As recently as the 1920s, Pyongyang was known as the “Jerusalem of the East,” a hotbed of both Catholic and Protestant missionary work. Today, Christianity is considered to be foreign American propaganda, and citizens who make their faith known publicly are detained and imprisoned under charges of espionage. In May, U.S. Secretary of State Mike Pompeo secured the release of three American political prisoners from North Korea, detained under bogus charges of “hostile acts” against the state. Two of them, Kim Hak Song and Tony Kim, were Evangelicals working at the Christian-run Pyongyang University of Science and Technology. Their arbitrary detainment sheds a small sliver of light on the much bleaker situation of the country’s native-born Christians. Of the nation’s 100,000 political prisoners, it is estimated that approximately 50,000 are Christians.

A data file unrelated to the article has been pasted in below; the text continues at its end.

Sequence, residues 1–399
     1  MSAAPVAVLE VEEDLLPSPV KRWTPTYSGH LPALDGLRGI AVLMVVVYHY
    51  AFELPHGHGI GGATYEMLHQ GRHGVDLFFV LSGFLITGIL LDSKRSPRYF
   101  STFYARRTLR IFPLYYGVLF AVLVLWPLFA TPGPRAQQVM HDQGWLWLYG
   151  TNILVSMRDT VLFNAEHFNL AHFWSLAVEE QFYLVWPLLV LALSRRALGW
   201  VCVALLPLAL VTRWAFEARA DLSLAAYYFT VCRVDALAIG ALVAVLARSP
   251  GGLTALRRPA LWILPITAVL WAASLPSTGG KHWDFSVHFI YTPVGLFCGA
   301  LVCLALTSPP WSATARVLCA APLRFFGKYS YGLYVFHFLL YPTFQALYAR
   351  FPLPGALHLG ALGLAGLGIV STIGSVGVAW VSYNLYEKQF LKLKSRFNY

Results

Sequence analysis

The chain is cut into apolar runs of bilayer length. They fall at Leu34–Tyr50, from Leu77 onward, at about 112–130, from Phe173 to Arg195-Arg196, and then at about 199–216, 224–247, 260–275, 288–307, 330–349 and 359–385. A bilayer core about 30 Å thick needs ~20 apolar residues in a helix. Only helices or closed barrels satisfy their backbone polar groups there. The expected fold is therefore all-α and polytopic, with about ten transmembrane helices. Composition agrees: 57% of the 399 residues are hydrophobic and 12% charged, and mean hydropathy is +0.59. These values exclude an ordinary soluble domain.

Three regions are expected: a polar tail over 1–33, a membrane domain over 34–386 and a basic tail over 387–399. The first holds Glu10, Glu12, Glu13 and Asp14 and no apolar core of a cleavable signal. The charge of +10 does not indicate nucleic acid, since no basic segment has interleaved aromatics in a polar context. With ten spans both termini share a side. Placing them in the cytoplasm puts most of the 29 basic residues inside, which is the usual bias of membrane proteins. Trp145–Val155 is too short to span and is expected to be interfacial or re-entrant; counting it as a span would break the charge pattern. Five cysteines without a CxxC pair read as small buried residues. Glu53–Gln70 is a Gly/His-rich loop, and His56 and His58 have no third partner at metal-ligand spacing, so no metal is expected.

The situation of the suffering Church demands a wholly different strategy from our search in the West for post-liberal political alternatives. In much of the world, we cannot afford to suspect liberalism, but must instead affirm liberal principles of religious liberty and pluralism, private property, and the doctrines of human rights and civil liberties. These central tenets of twentieth-century Catholic social thought, affirmed in Vatican II documents (Dignitatis Humanae; Gaudium et Spes) and in more recent encyclicals (Centesimus Annus; Caritas in Veritate), may by now seem tired in the West. But they remain as relevant today for the least of our brethren as they were at the time of issuance. The arbitrary detainment of American Evangelical pastor Andrew Brunson, now facing up to thirty-five years of imprisonment in Turkey, reveals the cardinal importance of freedom of speech and assembly. It is obvious that these and many other fruits of liberalism, such as democratic governance, separation of church and state (or mosque and state), and, at a most basic level, the procedural rule of law, would drastically improve the material conditions of persecuted Christians around the world.